A Practical Approach for IT Governance

Archive for November 2014

CIO: Past, Present and Future

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Partnership with CECIn the past, the CIO was the interpreter between technology and business. The CIO served as the single point of contact between business/leadership and the technology group.  Initially, the CIO helped the technology group understand the business.  As the CIO moved from a Director of MIS/VP of IT to the CIO role, he/she helped the business understand technology.  The CIO did not stop there.  Today, the CIO is not just managing IT to keep the lights on but is managing the information to enable enterprises to become nimble and gain the competitive edge.  What is the future for the CIO?  Will the CIO take on additional roles like the CMO?  Even the COO or CEO are now within the reach of CIOs who have transformed from traditional silo IT executives to the C-Suite.

At UGovernIT, Inc. we have been developing tools for the CIO to manage the business of IT.  With CEC we now get access to valuable content that will help drive the change in the role and value created by the Office of the CIO.  Our partnership is designed to bring content from experienced CIOs, process and tools to aid the transformation.   Working with CEC, an IDG brand, we will be developing a framework and a series of articles that discuss the transforming role of the CIO and build the tools that enable the CIO to be effective and valuable to the enterprises they serve.

Written by Subbu Murthy

November 30, 2014 at 9:46 am

Posted in IT Governance

The New Management Paradigm

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Archer holds the bow that represents project management triangle.In the past we have constantly used project scope, quality, schedule and cost as drivers for selecting and managing our technology initiatives.  We subscribed to the SDLC model where we attempted to incorporate these drivers in our planning and execution phase.  We recognized quickly that risk was an important aspect of our decision making and added that as a critical component of our management and decision frameworks.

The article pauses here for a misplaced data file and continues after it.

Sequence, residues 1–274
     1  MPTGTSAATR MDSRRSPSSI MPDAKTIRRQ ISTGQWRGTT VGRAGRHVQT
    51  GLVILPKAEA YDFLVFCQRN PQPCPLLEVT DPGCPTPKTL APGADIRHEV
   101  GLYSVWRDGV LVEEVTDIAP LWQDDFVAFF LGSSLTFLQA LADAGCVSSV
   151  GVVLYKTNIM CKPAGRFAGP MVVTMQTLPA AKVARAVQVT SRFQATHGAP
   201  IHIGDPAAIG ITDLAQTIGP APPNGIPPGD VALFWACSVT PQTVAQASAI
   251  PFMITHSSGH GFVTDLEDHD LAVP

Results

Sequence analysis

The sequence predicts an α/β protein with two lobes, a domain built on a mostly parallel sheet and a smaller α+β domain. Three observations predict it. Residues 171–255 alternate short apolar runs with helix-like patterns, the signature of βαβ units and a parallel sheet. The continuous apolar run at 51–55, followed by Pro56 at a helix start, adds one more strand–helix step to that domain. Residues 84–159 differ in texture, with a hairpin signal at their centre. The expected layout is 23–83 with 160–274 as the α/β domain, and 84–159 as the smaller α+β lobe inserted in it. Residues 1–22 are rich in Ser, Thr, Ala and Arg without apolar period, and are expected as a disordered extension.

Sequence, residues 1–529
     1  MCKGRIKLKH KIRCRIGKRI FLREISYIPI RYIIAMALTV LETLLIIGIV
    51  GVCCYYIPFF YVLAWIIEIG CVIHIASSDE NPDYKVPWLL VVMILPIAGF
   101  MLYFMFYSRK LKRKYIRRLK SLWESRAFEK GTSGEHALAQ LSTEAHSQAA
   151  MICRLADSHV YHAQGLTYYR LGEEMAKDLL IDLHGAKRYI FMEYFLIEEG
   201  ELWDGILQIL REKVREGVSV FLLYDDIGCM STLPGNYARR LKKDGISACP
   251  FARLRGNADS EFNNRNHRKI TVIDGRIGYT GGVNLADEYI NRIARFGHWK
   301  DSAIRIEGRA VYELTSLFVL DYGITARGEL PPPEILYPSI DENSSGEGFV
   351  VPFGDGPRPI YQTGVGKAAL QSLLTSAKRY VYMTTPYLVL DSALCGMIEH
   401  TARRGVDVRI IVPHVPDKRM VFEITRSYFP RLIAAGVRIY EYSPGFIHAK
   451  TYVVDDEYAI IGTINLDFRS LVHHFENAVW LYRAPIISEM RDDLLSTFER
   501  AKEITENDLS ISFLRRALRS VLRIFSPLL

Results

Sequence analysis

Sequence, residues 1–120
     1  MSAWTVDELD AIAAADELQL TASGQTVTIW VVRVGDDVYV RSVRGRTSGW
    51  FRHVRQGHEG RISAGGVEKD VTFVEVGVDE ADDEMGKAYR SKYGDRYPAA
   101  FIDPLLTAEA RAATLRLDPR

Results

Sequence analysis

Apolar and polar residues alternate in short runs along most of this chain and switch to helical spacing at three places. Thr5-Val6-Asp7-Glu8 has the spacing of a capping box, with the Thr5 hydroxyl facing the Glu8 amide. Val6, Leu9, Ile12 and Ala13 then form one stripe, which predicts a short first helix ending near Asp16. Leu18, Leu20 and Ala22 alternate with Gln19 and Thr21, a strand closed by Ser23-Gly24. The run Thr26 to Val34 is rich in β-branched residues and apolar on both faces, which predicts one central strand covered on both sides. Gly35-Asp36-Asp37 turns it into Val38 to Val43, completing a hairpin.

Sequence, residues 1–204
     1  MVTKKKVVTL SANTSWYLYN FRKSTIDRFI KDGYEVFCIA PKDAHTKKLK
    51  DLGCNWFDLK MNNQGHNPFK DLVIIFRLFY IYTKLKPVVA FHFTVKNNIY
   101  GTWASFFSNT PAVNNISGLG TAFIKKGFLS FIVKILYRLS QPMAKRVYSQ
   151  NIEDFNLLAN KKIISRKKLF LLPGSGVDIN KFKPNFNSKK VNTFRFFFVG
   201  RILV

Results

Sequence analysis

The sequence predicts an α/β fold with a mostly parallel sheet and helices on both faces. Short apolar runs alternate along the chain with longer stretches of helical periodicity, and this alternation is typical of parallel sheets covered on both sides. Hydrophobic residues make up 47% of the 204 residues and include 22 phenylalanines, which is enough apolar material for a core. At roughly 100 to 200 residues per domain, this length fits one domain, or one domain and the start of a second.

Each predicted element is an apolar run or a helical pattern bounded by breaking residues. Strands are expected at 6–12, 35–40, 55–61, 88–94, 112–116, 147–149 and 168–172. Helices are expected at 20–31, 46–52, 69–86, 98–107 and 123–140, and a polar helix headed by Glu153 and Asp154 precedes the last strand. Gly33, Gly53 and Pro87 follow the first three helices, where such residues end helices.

While these models still have relevance, life cycles are shrinking.  It took over a decade to bring new products to market.  Today it is less than a few years.  Take a look at Uber and its phenomenal success in just a couple of years.  Enterprises need to be nimble – yet, it is not easy to ignore cost, quality, time or the scope/features of the technology initiative.  Is there a better paradigm?

Factors Affecting Projects

Agile models have relied on developing technology aligned to user needs and budgets, but have failed to provide a decision framework to choose between alternative technology initiatives.

In the new paradigm, I propose to reuse some of the soft factors that were not explicitly used in managing technology initiatives.  The four suggested factors are: constraints (as opposed to time), budget (as opposed to cost), value (as opposed to scope) and satisfaction (as opposed to quality).  Traditional schedules are difficult to adhere to as there will always be change.  Constraints can help with time lines and schedules within a project. Budget is a realistic way to manage a project.  Traditional SDLC models required “budgeting the design”.  Estimation was not easy leading to significant variances.  Managing to a budget helps keep an eye on the project scope providing a balance between value delivered and costs expended. Value also provides a measure of how to manage scope creep.  Using satisfaction provides a user driven measure of quality.

The proposed drivers: constraints, budget, value and satisfaction provides a new paradigm for measuring and managing projects.  However, it requires a different set of measures including subjective and qualitative data.  Traditional tools are not equipped to handle these drivers.  Another challenge is managing the change – acceptance of new drivers will require commitment from all stake holders: management, technical staff and the leadership team to be effective.

Written by Subbu Murthy

November 2, 2014 at 1:59 am